Man tells murder trial of moment he found murdered schoolgirls

A hospital porter has described the moment he found the bodies of two murdered schoolgirls in a woodland den 32 years ago.

Kevin Rowland was just 18 when he joined the search for missing Nicola Fellows and Karen Hadaway.

He told jurors his first words on making the grim discovery were: “Shit, I think we’ve found them.”

Karen Hadaway and Nicola Fellows
Karen Hadaway and Nicola Fellows (PA)

Mr Rowland was giving evidence in the second trial of convicted paedophile Russell Bishop for the murders, following his acquittal in 1987.

The witness told the Old Bailey he met up with 18-year-old Matthew Marchant to join the search the day after the girls disappeared on October 9 1986.

They went to look in an overgrown area near steps known locally as Jacob’s Ladder, in Wild Park on the South Downs, near Brighton.

A memorial tree to Karen Hadaway and Nicola Fellows in Wild Park
A memorial tree to Karen Hadaway and Nicola Fellows in Wild Park (Gareth Fuller/PA)

He noticed a pink or purple jumper then the side of a young girl’s face, jurors heard.

He said: “I stopped because I knew there was a young girl there and I did not want to go any further.”

Asked what his first words were, he said: “Shit, I think we’ve found them.”

Mr Rowland said he sat down and sent his friend to find police.

Two or three minutes later, Mr Marchant returned with Bishop and his dog following behind.

The witness said he thought Bishop had shouted “have you found anything yet” and “where are you?”.

Earlier, former local resident Janet Reid changed her account of one of the last sightings of the girls.

Newick Road in Brighton, where Karen Hadaway and Nicola Fellows lived
Newick Road in Brighton, where Karen Hadaway and Nicola Fellows lived (Sussex Police/PA)

Mrs Reid had given evidence for the defence anonymously as “Mrs White” in Bishop’s 1987 trial, the court heard.

The day before she was due to give evidence again – this time for the prosecution – Mrs Reid altered the time she spotted Nicola and Karen by two hours.

She originally told police she saw the victims standing with chip paper opposite her home as she said goodbye to her father on the evening of October 9 1986.

She recalled Nicola, who was a school friend of her daughter, had waved at her at about 6.25pm.

She estimated the time because her father left at about 6.20pm and on her return indoors, TV soap opera Crossroads was just starting at 6.30pm.

But on Monday, she altered her story, saying it was more like 8.20pm – two hours later.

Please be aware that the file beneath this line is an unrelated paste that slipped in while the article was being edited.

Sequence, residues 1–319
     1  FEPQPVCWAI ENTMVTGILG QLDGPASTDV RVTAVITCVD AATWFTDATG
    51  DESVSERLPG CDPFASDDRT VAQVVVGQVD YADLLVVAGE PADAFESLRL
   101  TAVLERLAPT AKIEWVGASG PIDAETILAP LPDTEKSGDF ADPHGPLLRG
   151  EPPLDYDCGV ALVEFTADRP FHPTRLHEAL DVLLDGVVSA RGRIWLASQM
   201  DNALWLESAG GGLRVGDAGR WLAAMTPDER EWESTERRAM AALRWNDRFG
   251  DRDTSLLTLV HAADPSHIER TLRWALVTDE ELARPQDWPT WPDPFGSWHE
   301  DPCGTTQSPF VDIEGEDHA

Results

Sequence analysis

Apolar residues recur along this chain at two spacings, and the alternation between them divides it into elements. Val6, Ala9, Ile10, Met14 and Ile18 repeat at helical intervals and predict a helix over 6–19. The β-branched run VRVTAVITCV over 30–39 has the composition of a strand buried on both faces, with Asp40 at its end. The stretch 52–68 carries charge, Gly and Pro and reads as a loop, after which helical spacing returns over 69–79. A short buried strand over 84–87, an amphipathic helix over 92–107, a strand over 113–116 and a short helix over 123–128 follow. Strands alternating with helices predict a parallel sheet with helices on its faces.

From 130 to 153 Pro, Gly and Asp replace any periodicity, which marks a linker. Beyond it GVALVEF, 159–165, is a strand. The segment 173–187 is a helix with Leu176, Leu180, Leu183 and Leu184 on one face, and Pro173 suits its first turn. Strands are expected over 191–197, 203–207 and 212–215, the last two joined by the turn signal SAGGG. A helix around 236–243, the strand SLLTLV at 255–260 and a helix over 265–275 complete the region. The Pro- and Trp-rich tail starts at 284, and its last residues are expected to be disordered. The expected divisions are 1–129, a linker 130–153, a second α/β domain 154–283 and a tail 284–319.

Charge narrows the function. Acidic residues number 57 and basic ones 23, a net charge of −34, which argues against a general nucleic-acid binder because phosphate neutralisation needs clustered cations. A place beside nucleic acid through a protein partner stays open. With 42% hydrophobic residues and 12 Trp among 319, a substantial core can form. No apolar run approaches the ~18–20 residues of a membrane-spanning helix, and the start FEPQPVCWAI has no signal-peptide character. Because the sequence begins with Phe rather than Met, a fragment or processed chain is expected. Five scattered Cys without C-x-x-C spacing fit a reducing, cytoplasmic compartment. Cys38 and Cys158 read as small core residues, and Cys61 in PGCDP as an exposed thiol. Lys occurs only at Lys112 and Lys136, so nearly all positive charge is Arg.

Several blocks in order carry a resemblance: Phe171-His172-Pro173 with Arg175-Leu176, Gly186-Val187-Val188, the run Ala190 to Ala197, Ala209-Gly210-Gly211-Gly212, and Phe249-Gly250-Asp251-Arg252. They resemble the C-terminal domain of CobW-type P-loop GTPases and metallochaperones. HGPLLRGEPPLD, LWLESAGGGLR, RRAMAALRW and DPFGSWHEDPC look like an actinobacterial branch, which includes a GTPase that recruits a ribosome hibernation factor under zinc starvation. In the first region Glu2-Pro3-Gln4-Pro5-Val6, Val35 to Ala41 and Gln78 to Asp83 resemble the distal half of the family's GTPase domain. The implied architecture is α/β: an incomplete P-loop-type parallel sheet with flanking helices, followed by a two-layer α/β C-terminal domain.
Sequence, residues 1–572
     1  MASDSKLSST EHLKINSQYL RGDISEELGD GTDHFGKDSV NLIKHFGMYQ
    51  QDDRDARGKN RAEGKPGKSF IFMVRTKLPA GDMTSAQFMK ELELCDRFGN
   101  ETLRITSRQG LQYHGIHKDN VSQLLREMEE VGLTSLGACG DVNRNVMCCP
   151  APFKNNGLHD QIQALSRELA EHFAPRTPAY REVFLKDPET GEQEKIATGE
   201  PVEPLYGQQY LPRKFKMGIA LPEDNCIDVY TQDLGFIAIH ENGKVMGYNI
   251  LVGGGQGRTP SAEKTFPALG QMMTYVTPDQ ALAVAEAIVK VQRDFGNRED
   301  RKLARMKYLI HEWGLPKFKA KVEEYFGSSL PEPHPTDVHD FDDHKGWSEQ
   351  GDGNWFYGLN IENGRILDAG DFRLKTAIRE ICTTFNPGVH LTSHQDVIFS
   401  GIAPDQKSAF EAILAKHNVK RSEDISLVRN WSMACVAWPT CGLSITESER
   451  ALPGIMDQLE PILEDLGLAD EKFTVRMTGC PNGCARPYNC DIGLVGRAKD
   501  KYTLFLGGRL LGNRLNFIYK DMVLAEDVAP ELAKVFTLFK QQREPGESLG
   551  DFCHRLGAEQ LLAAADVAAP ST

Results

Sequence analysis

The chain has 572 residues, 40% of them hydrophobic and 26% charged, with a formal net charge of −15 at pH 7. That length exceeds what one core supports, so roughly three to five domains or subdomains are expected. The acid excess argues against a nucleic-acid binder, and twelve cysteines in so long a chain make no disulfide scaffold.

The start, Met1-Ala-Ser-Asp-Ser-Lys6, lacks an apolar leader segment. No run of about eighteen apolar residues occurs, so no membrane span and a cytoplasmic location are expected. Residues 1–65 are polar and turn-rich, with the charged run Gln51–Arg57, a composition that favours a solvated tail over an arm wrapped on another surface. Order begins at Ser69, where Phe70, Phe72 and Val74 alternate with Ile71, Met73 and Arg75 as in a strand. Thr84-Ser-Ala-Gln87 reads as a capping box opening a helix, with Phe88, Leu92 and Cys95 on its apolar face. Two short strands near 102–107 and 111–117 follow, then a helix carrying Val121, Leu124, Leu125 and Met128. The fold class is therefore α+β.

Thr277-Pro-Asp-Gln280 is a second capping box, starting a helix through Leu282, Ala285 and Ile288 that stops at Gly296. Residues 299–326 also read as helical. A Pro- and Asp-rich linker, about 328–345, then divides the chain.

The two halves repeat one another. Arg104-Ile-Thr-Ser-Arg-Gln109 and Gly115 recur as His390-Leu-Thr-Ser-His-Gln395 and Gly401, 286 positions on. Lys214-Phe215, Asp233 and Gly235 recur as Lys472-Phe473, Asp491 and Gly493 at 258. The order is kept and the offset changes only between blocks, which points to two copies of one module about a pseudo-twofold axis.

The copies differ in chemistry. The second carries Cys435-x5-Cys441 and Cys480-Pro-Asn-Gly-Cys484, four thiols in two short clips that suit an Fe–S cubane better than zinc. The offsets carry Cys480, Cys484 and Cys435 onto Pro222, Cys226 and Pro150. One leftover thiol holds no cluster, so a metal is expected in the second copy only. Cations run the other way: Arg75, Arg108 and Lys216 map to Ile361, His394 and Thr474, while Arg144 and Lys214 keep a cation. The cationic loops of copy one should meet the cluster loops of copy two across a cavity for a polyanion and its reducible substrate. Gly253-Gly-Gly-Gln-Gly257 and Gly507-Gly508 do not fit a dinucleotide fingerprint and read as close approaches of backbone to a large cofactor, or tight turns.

She explained that since giving evidence in 1987, she had realised they had waited to watch a film called Runaway Train.

She told jurors she was visited three times by Nicola’s father Barrie Fellows, someone she thought was with Karen’s father and police later that night.

Russell Bishop
Russell Bishop denies murder (Sussex Police/PA)

Prosecutor Brian Altman QC said: “Do all those timings have to go back two hours?”

The witness, who refused to say her name in court, replied: “Don’t know.”

Joel Bennathan QC, for Bishop, said: “When you gave evidence in the crown court last time you asked and were allowed to give a name which is not your name – Mrs White.

“And the reason you asked the judge on that occasion was because you told him you have had some trouble since you became a witness in this case?

“I’m not pointing the finger anywhere about the source of these problems. It was a very high-profile, terrible crime.”

The witness said: “Yes it was.”

The lawyer went on: “Local feeling ran high about it. You were saying you had seen these two little girls eating chips, you and your family had threats.”

Mrs Reid said: “Yes we did.”

Mr Bennathan said incidents included damage to her husband’s motorbike and taxis turning up which had not been ordered.

The witness agreed, adding: “We had boulders through the window.”

She also confirmed that Nicola had twice told her daughter that the father she lived with was “not her real dad” and that one day she would run away to find her real father in the North.

As she completed her evidence, she said: “I don’t wish to talk about it again. It’s too upsetting.”

Bishop, 52, originally from Brighton, has denied two counts of murder.

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